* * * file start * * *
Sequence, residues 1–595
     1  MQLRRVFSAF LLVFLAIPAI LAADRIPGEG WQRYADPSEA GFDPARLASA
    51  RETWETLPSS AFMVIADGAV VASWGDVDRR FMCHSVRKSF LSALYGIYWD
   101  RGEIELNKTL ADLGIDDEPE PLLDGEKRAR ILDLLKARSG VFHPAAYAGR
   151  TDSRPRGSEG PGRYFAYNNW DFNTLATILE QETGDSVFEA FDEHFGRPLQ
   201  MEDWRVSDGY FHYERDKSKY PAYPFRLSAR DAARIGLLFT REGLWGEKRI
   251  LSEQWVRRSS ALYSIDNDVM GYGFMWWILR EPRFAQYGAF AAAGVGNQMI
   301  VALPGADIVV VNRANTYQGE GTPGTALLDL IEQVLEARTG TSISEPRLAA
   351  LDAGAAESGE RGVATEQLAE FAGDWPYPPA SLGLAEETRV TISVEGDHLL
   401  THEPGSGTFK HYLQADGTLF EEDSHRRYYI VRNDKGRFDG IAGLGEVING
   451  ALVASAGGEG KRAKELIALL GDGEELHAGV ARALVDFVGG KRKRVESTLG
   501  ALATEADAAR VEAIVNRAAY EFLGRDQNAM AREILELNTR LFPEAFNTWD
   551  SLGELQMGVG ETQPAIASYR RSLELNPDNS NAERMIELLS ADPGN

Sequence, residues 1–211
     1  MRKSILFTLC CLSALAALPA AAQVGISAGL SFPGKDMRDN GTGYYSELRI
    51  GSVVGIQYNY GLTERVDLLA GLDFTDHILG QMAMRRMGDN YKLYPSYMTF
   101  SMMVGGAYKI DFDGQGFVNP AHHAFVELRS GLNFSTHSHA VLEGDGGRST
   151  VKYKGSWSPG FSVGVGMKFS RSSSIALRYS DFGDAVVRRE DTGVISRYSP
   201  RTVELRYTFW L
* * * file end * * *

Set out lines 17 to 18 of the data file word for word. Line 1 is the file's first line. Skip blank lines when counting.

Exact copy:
   101  SMMVGGAYKI DFDGQGFVNP AHHAFVELRS GLNFSTHSHA VLEGDGGRST
   151  VKYKGSWSPG FSVGVGMKFS RSSSIALRYS DFGDAVVRRE DTGVISRYSP